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Friday, 4 November 1938

Mr ROSEVEAR (Dalley) .- 1 am not at any time violently enamoured of legislation of this character, but seeing that it is up for review we ought to consider its possible effects nott only on the export of apples and pears to Great Britain and other markets, but also oh the general position of the industry. Two things are evident in the discussion up to date. One is that the overseas market for apples and pears is limited, and the second - if we are to take notice of the keen anxiety expressed by members from different States - is that there is a largely increased production. Judging by the enthusiasm with which members of all parties and from all States have been canvassing the industry, it would appear that not only is there a greatly increased production of apples throughout Australia, but also that every State is " snavelling " for the limited overseas market that is available. I believe that another factor which must be taken into consideration is that the apple-growers of Tasmania pioneered this industry in Australia. It is one of that State's staple industries, and if it be smashed a_big step will have been taken towards the smashing of Tasmania. If in regard to quality the product of the other States was superior to that of Tasmania, the loss of the market by Tasmania would be unavoidable; such is not the case. I warn, honorable members that a bill of this character, which gives to growers of apples m other States the false impression that they may hope for a bigger percentage of the overseas markets, induces over-production. That has been the result in many other industries. The wheat-growers were urged to grow more wheat, and did so, but it was left a prey to mice and weevils. On another occasion the advice was given to grow more hops, and when a greater quantity was produced it was left with the growers. That is the danger which I apprehend in this case. I believe that if there is danger of over-production - and there are portents of it in the anxiety expressed by honorable members on both sides of the chamber concerning the increase that has taken place - the honorable member for Franklin (Mr. Frost) has provided the Government with the key to the situation, and if it accepts his proposal it will be enabled to restrict the degree to which other States come into 1 the market to the detriment of Tasmania, and at the same time stabilize the whole position. The Assistant Minister (Mr. Archie Cameron) has claimed that his proposal is not so rigid as is that of the honorable member for Franklin. T agree that it does not seem to he, but a careful reading of it will show that it could be equally as rigid. It. says that the board shall take into consideration the average yearly exports overseas of apples and pears from each State during the period of three years immediately preceding the year in which the basis is adopted. That is all right. But the Assistant Minister then proposes to insert the following - and such other factors relating to the production of apples and pears in each State, and the available markets therefor, as the board thinks fit.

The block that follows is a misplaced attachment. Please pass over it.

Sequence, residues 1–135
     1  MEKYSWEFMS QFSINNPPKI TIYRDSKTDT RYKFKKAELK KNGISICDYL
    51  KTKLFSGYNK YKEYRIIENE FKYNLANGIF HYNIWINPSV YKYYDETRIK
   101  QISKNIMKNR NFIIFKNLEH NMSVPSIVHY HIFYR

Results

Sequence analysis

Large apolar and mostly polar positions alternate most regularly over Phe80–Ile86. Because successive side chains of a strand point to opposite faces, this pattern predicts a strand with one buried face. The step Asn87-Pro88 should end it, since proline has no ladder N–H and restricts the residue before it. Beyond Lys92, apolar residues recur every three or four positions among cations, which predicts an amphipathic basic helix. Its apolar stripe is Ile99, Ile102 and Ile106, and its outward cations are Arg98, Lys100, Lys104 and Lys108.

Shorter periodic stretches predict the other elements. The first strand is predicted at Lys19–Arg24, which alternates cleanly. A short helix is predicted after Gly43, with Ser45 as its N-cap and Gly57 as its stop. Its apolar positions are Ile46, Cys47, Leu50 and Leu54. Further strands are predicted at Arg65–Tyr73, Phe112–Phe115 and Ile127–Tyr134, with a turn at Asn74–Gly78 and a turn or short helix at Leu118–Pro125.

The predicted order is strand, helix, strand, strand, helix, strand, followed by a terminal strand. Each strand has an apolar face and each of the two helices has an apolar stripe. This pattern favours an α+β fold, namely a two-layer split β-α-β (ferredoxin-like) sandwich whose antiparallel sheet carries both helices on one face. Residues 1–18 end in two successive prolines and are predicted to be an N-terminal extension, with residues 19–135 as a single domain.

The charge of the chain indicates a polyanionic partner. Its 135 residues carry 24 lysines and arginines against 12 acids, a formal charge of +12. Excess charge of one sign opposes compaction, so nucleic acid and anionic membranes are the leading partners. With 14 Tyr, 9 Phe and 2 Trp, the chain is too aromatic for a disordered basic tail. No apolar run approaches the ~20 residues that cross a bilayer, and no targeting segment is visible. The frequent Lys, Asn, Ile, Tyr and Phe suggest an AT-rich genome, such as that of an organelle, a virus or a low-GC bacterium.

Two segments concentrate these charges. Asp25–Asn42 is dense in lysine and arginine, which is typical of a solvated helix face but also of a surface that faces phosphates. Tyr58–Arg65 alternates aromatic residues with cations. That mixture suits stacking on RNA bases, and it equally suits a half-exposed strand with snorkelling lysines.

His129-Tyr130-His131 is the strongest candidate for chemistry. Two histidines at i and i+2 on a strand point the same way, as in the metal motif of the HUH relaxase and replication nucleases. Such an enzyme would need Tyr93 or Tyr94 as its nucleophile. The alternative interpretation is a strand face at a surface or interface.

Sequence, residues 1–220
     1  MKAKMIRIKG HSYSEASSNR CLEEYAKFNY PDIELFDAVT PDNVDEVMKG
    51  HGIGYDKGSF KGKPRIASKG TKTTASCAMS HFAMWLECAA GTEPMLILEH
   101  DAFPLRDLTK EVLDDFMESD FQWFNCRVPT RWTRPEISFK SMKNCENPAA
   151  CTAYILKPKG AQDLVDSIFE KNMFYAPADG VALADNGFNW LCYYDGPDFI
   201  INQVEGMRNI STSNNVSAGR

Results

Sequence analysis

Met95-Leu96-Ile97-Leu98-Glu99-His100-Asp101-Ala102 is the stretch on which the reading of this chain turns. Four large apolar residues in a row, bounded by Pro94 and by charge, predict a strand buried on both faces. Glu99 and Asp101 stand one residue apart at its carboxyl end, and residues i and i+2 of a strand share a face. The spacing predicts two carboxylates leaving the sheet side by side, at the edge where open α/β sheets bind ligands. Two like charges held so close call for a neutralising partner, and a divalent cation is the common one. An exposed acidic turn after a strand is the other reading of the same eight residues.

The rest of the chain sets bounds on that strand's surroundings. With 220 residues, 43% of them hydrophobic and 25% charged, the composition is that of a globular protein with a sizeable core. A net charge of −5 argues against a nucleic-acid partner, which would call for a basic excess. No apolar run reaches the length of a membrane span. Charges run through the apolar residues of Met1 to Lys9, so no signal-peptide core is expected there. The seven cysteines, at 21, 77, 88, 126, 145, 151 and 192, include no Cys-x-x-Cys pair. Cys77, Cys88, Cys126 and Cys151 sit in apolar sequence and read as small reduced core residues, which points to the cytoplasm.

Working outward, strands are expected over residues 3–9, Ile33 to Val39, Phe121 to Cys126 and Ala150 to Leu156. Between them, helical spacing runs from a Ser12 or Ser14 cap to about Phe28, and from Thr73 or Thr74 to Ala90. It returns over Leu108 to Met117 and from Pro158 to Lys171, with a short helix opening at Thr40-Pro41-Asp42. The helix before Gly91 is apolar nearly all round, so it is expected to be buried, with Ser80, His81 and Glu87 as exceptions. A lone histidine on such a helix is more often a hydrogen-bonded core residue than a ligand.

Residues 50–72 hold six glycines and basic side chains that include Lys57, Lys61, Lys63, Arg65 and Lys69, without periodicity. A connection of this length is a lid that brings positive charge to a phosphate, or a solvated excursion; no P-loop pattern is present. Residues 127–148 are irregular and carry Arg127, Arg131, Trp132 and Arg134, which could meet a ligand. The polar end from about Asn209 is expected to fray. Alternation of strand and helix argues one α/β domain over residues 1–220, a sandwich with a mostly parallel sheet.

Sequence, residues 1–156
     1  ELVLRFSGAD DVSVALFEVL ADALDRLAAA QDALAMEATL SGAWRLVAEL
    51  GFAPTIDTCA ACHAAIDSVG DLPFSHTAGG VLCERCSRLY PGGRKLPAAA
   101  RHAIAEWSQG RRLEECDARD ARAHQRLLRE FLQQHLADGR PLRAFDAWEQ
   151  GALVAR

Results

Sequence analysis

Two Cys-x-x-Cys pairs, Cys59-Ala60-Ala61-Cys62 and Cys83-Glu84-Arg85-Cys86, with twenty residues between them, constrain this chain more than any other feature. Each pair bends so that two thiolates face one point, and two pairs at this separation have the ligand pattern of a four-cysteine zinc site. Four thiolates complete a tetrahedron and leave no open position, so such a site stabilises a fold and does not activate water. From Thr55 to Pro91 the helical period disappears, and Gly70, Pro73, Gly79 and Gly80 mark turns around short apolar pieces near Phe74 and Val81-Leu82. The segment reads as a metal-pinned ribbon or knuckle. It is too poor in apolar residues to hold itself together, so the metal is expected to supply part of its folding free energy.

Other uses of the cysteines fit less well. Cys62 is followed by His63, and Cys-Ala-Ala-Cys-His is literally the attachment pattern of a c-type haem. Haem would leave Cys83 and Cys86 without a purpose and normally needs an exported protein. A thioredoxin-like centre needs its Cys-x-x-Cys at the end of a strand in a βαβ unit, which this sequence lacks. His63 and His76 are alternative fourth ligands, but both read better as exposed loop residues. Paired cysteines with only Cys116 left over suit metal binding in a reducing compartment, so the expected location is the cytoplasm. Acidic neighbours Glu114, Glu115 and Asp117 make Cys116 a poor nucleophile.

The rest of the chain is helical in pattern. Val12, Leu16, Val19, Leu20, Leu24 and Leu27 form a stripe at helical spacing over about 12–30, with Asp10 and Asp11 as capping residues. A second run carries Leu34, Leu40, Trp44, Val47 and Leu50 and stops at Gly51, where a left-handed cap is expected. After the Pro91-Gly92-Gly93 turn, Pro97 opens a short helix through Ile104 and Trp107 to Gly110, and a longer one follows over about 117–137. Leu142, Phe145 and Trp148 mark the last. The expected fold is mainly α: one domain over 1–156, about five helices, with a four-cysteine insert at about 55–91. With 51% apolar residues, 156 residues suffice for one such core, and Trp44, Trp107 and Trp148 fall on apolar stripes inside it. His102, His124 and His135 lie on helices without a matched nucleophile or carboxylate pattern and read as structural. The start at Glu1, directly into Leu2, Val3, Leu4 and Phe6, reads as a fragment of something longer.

By a simple mental operation the board, in pursuance of the power given in those last two lines, may neutralize any good contained in the preceding portion of the provision. I ask the Assistant Minister to consider that aspect carefully. The committee should adopt the idea of the honorable member for Bourke (Mr. Blackburn) and accept only the first portion of the provision.

Mr Archie Cameron - My idea is that the bill is all right as it is.

Mr ROSEVEAR - Then why the Government's amendment?

Mr Paterson - To try to meet the wishes of the honorable member for Franklin.

Mr ROSEVEAR - In one portion there is the attempt to meet the desire of the honorable member for Franklin, but the effect of that portion is entirely neutralized by the concluding provision. I believe that the honorable member for Gippsland will realize that, it he carefully considers the matter. The honorable member for Franklin has asked the committee to adopt a proposal under which the shipments of the previous three years will be taken into consideration in fixing the quota for each State. I believe that that would mean merely simple justice to the people of Tasmania, who have pioneered this industry. If there is to be any gate-crashing into the overseas market by other States, which are just now taking an increasing interest in the growing of apples for export, and a consequent limitation of the export percentage which the people of Tasmania have built up and enjoyed, then the blow on the Tasmanian grower could be lightened by imposing a three-year restriction. I hope that the committee will take these factors into consideration. The hill gives to apple growers throughout the various States of Australia the false hope of an unlimited market, which does not exist. Even though they are aware that it is not unlimited, they are given the hope of being able to gatecrash in the matter of quotas against the State which pioneered the industry. The danger with which we are confronted is that, in the near future, the apple industry, not only in Tasmania but also throughout Australia, will be ruined by reason of the over-production encouraged by this legislation.

Progress reported.

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